Russian President Vladimir Putin has outlawed GMO food in Russia, making it a criminal offence to import or produce it in the country.
Following Putin’s order to halt the production of all GMO-containing foods last year, the Federation Council has finally approved a bill that will heavily fine anybody caught producing or importing such foods in Russia.
Citizens violating the new law will have to pay a fine of between 10,000 and 50,000 rubles ($155 – $770) and companies will be fined a much harsher 100,000 and 500,000 rubles ($1550 – $7700).
Organizations that need genetically modified organisms for research can be exempted from the imports ban, but they will need to register with state agencies as GMO importers.
The ban on GMOs was prepared and drafted in early 2014 by a group of Lower House MPs backed by the parliament’s majority party, United Russia.
Shortly prior to this, Russian Prime Minister Dmitry Medvedev ordered that a national research center be created to study genetically-modified organisms with the aim of providing authorities with expert information and advice for future legislation and executive actions.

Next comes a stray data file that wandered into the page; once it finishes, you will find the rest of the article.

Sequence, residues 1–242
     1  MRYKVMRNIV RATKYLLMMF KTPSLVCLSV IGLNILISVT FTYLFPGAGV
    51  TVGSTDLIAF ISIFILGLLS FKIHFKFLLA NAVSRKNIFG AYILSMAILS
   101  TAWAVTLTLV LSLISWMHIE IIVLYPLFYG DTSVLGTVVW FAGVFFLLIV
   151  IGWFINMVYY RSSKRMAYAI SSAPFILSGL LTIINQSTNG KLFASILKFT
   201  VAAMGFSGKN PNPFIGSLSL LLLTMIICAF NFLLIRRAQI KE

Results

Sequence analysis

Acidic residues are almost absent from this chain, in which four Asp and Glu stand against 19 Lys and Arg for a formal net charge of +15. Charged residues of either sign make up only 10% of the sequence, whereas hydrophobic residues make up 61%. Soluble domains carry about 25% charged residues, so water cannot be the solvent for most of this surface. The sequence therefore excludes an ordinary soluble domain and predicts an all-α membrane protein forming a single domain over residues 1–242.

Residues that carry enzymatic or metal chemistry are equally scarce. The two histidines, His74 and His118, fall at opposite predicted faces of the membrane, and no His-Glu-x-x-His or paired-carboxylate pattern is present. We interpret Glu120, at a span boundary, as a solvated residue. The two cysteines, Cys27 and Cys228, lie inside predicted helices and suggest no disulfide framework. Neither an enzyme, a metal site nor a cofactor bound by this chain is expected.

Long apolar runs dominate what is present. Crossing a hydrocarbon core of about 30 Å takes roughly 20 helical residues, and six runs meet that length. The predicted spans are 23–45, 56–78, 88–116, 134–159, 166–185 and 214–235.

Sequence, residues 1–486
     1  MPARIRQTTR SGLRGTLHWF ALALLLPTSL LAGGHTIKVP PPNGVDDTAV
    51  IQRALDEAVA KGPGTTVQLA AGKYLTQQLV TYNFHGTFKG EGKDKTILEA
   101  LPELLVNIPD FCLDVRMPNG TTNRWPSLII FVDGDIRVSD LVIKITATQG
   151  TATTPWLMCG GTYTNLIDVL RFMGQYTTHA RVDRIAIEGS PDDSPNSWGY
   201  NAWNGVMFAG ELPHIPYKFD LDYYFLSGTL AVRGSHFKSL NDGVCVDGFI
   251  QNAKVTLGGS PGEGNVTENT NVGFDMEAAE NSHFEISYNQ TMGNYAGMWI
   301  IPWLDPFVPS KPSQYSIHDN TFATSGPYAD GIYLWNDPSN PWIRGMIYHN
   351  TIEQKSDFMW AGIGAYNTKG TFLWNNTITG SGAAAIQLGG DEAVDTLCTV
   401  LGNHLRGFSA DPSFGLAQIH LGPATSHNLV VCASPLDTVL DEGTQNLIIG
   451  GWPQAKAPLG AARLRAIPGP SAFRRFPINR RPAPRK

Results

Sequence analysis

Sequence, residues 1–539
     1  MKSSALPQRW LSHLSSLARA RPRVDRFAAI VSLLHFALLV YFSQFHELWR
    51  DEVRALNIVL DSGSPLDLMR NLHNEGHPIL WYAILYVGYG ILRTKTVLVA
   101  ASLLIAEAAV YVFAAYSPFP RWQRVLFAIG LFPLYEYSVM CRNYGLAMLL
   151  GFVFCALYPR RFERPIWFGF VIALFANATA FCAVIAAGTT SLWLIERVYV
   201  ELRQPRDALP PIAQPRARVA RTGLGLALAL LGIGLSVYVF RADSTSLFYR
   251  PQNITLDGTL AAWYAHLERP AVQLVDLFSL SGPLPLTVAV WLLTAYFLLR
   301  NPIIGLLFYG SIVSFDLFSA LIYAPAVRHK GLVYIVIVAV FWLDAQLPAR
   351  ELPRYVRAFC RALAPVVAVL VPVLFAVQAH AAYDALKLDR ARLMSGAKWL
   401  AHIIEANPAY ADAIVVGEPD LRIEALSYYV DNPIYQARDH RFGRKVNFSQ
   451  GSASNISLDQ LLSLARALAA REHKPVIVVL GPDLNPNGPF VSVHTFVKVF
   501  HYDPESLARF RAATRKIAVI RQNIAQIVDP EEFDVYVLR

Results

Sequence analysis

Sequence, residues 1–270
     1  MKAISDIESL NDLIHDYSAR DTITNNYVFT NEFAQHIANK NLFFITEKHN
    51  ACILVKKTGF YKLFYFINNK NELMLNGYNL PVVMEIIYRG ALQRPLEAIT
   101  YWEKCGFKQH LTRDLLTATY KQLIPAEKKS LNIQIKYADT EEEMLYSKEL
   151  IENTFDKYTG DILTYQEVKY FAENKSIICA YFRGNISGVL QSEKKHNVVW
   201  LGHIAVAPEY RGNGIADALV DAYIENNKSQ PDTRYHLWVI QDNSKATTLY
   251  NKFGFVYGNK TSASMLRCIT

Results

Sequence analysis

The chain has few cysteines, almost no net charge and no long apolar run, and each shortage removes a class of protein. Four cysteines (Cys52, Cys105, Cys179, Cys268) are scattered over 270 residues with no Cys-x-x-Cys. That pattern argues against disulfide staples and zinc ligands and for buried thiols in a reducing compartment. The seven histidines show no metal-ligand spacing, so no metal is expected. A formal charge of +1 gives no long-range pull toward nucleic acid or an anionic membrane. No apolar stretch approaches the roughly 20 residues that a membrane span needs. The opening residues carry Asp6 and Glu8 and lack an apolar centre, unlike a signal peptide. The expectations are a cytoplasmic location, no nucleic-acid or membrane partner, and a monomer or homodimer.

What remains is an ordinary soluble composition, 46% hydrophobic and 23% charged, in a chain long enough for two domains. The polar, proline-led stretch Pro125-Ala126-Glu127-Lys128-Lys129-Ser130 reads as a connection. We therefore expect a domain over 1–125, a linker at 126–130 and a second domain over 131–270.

The State Duma passed the motion this year despite some protests from the scientific community. The Russian Academy of Sciences has reportedly asked the parliament to partially lift the ban on the production of genetically-modified organisms on condition that the GMO materials be registered and regulated.
According to official statistics, the share of GMO products in the Russian food industry has declined from 12 percent to just 0.01 percent over the past 10 years, with only 57 registered food products currently containing GMO.
The law ordering obligatory state registration of GMO products that could come in contact with the environment will come into force in mid-2017.
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